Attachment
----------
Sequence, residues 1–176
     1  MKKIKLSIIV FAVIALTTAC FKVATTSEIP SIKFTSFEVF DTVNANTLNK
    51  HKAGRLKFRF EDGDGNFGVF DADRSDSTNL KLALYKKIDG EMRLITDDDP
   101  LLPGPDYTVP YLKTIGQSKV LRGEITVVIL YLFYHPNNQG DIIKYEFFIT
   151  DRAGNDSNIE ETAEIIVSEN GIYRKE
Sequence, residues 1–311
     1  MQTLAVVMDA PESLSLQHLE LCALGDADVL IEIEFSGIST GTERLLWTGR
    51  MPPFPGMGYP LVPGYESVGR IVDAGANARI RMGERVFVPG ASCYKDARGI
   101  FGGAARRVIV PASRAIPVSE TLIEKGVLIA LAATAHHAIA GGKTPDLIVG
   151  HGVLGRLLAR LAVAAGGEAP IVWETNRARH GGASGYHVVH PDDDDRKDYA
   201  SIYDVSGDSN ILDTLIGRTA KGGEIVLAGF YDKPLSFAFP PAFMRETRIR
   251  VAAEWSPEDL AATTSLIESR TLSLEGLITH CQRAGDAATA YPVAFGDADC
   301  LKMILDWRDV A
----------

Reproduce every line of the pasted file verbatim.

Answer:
Sequence, residues 1–176
     1  MKKIKLSIIV FAVIALTTAC FKVATTSEIP SIKFTSFEVF DTVNANTLNK
    51  HKAGRLKFRF EDGDGNFGVF DADRSDSTNL KLALYKKIDG EMRLITDDDP
   101  LLPGPDYTVP YLKTIGQSKV LRGEITVVIL YLFYHPNNQG DIIKYEFFIT
   151  DRAGNDSNIE ETAEIIVSEN GIYRKE
Sequence, residues 1–311
     1  MQTLAVVMDA PESLSLQHLE LCALGDADVL IEIEFSGIST GTERLLWTGR
    51  MPPFPGMGYP LVPGYESVGR IVDAGANARI RMGERVFVPG ASCYKDARGI
   101  FGGAARRVIV PASRAIPVSE TLIEKGVLIA LAATAHHAIA GGKTPDLIVG
   151  HGVLGRLLAR LAVAAGGEAP IVWETNRARH GGASGYHVVH PDDDDRKDYA
   201  SIYDVSGDSN ILDTLIGRTA KGGEIVLAGF YDKPLSFAFP PAFMRETRIR
   251  VAAEWSPEDL AATTSLIESR TLSLEGLITH CQRAGDAATA YPVAFGDADC
   301  LKMILDWRDV A